We've had some pop shockers in the past at Designer Magazine from Damage claiming they were going to collaborate with Starsailor through to Busted savouring the sounds of Elbow and Granddaddy. With Mark Owen though he has previous form with a great indie pop album in the shape of "Green Man", so when he states that his demos for his forthcoming second solo album sounded like early versions of the Darkness and the Flaming Lips it's easy to believe him. Add in the fact that he's been working with Ian McCulloch, Bernard Butler, Arthur Baker, indie also-rans Voy and Roni Sizes drummer and all it makes sense. We caught up with Mark for a chat about the end of the world, suicide, parent advisory stickers and the usual pop chatter.
Q: The single "Four Minute Warning", a song about the
end of the world. Your usual lyrical subjects in pop than Mark?
A: I'm good about that kind of stuff really. My last single "Clementine" was about suicide and this is about the end of the world - I need to get some happiness in my life!!! It is about the end of the world and that's where the idea of the song started from, but for me it's on a few different levels. It's also about time and the fact that when people hear the song I wanted them to think about what they were doing and whether they are making the most of it. The nice thing about the people in the song is that they're all living their dream or doing exactly what they want to do.
It's a down subject, but it's quite a positive song. There's
a nice though in the fact that if there was four minutes left everything
would become very equal and there would be no barriers amongst people.
Everybody would be in the same situation whether that's a rich lawyer somewhere
or the bloke outside his office begging for money - everybody would knows
that that would be it and I kind of like that thought really.
Q: An old hippy notion then?
A: Well I suppose it is a little bit, but more realistic I think than hippy. I think at the same time people would be smashing windows, robbing telly's and setting fire to things as well but it wouldn't really matter I suppose.
Q: When you were around last time with "Green Man"
popstars with guitars were quite a rarity and now there's Busted, Darius
and Avril. The pop landscape has changed quite a bit hasn't it?
A: I suppose so. With "Green Man" it was quite a different move for someone to come out of a band like Take That and do something like that. It was an exciting thing for me though. I recorded at Abbey Road studios with a great producer John Leckie. I don't know if music has come on since then because you can put guitars on a song and it can still be crap song to be honest.
Q: When the album was released it was critically acclaimed
as a great album whereas Robbie's was pretty much forgettable apart from
"Angels". Does it still amaze you how it went for both of you?
A: No, I think that's the beauty of life and magic of life is that maybe fate takes course. The thing is when you make a record and you do the best you do, but then you pass it out it's up for other people to decide what they want in their life and what kind of thing they want to listen to. More people wanted to listen to Robbie and I haven't got a problem with that because if more people wanted to listen to me they'd have gone out and got me.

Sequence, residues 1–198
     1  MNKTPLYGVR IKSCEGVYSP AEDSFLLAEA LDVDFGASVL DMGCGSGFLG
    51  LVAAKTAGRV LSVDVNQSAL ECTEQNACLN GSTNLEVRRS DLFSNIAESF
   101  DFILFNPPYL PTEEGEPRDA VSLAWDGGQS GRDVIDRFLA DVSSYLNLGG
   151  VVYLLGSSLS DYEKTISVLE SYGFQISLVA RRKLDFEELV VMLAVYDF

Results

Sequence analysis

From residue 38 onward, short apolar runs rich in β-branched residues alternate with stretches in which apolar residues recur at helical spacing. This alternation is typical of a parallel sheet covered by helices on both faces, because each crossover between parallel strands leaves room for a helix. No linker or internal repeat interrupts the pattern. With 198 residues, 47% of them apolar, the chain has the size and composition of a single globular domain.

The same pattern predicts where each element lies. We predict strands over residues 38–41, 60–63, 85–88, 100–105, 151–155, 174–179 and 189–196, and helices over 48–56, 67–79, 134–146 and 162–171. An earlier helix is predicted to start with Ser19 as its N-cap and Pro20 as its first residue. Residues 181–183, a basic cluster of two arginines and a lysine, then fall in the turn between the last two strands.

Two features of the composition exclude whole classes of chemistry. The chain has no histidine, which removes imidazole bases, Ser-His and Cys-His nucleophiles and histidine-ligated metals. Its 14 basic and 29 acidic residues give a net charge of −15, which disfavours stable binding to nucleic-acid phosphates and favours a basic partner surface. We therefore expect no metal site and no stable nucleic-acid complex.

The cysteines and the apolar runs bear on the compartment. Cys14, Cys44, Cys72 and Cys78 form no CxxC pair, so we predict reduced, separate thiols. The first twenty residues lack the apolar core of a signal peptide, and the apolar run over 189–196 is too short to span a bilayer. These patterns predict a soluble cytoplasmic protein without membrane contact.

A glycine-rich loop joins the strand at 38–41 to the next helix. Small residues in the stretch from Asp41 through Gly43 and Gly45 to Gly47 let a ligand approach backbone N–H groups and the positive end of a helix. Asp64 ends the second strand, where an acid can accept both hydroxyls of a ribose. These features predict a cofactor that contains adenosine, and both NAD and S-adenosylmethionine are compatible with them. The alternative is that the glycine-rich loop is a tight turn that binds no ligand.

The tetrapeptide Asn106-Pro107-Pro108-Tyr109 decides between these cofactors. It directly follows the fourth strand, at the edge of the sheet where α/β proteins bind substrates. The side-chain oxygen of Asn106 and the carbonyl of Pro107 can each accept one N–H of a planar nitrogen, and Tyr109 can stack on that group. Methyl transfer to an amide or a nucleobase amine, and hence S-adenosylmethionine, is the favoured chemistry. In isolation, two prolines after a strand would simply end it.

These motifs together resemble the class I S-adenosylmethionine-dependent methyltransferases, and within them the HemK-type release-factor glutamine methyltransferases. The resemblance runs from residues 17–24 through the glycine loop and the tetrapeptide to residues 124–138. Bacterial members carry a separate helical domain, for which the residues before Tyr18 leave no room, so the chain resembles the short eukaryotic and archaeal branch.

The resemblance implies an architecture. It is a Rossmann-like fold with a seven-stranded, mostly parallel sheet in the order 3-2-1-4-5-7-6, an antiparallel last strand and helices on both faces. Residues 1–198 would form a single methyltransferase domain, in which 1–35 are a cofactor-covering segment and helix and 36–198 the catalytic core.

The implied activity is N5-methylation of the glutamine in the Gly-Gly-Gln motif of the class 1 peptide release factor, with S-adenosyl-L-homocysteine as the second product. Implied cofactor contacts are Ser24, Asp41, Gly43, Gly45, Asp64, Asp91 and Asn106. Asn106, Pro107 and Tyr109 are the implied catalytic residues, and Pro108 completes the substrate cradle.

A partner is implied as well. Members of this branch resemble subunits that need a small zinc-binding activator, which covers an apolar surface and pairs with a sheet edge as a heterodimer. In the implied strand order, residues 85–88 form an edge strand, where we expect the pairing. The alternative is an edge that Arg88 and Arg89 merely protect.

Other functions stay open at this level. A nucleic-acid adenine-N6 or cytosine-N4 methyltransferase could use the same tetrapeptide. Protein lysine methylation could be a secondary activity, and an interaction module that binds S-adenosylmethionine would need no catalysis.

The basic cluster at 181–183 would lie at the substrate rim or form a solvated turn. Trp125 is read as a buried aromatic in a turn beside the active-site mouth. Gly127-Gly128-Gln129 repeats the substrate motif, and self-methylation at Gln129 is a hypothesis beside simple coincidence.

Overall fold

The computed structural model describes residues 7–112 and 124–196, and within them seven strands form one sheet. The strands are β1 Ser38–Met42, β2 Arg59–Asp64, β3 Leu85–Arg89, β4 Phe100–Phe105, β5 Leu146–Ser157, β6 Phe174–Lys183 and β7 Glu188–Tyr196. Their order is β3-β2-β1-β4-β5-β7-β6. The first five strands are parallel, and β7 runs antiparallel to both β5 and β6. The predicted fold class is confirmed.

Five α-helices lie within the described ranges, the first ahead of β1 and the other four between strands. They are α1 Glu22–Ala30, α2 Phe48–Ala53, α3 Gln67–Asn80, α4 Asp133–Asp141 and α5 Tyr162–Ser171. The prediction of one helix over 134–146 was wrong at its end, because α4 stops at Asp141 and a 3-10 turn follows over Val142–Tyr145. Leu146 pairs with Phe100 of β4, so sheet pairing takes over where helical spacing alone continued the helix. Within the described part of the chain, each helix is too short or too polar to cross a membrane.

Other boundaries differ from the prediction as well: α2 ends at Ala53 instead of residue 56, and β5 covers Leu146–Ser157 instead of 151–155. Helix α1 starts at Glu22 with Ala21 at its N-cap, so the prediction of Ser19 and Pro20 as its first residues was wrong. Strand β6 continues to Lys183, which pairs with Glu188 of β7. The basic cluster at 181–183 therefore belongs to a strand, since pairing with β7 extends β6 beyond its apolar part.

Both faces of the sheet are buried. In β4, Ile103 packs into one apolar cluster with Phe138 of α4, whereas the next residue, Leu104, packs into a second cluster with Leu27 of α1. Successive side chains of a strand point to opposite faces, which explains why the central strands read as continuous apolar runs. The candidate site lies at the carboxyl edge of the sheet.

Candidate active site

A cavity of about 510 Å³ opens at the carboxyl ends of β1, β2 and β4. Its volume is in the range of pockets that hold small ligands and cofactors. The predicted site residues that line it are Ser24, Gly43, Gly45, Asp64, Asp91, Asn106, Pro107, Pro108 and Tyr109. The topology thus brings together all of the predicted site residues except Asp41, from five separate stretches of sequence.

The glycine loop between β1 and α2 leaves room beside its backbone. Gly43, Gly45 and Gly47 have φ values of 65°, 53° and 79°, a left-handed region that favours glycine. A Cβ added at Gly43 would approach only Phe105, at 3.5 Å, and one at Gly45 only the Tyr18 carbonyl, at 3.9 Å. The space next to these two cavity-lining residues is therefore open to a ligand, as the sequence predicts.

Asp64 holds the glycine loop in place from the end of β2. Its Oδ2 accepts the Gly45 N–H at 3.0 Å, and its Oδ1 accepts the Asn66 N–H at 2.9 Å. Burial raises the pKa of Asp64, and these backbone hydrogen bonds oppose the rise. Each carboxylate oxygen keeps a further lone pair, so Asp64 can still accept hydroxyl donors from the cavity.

Q: You were reaching out to a new audience at the time
though. As well at the Take That fans most of the people I know are indie
kids and few could deny that "Green man was a great album.
A: When I listen to "Green Man now I do think there are 5 or 6 great songs on there that I'm really proud of, but when I listen to it now I still hear the guy who was in Take That who used to do the low harmonies and was then doing lead vocals - maybe other people can't but I can hear my fear.
I think the good thing about myself musically is that
I song wise I only can write what I feel and after the "Green Man" album
I went off a little bit into prog rock, like an early version of the Darkness
for a while. I was finding my feet and it took me a few years to come round
and find my feet again and find a place that was comfortable for me. I
had to take it as far away from the whole Take That thing initially to
come back and see where I wanted to be musically.
Q: Weren't you were working with legendary New Order
producer Arthur Baker for a while in this period?
A: I went into Rockfield Studios in Wales and recorded 6 or 7 tracks. I've been very lucky and worked with some great people. Arthur's like a big lion and we spoke a few weeks ago about a track we did. It's going to be on the album in a slightly reworked version.
The Arthur stuff was sounding a little bit like a Flaming
Lips kind of vibe and we had the drummer who played with Roni Size, a band
called Voy from Liverpool were doing guitars for us. It was quite a assortment
of musicians but the sound we were going for was quite a widescreen sound.
I suppose now it's a bit more poppy to be honest and a bit more straightforward
and on a hole the albums live kit and stuff with a few loops thrown in.
Q: Is that what you were listening to over the years
then. The Flaming Lips through to an obscure indie band such as Voy?
A: It's kind of where my musical tastes lie. I've always been a big Radiohead fan, The Flaming Lips, Boy, Rufus Wainwright, Jeff Buckley - if you look through Q's 100 Albums of all time I've probably got them all.
"Four Minute Warning" is out now
A short tour for September is expected to be announced soon
For more info
Post your Mark Owen reviews / comments on the Message Board